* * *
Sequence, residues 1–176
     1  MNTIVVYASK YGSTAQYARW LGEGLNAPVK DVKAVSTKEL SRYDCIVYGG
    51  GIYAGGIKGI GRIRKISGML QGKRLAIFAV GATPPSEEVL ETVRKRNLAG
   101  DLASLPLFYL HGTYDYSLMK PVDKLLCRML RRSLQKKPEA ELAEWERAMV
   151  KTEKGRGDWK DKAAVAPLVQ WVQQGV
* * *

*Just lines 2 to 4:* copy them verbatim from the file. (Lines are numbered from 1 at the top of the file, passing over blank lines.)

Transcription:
     1  MNTIVVYASK YGSTAQYARW LGEGLNAPVK DVKAVSTKEL SRYDCIVYGG
    51  GIYAGGIKGI GRIRKISGML QGKRLAIFAV GATPPSEEVL ETVRKRNLAG
   101  DLASLPLFYL HGTYDYSLMK PVDKLLCRML RRSLQKKPEA ELAEWERAMV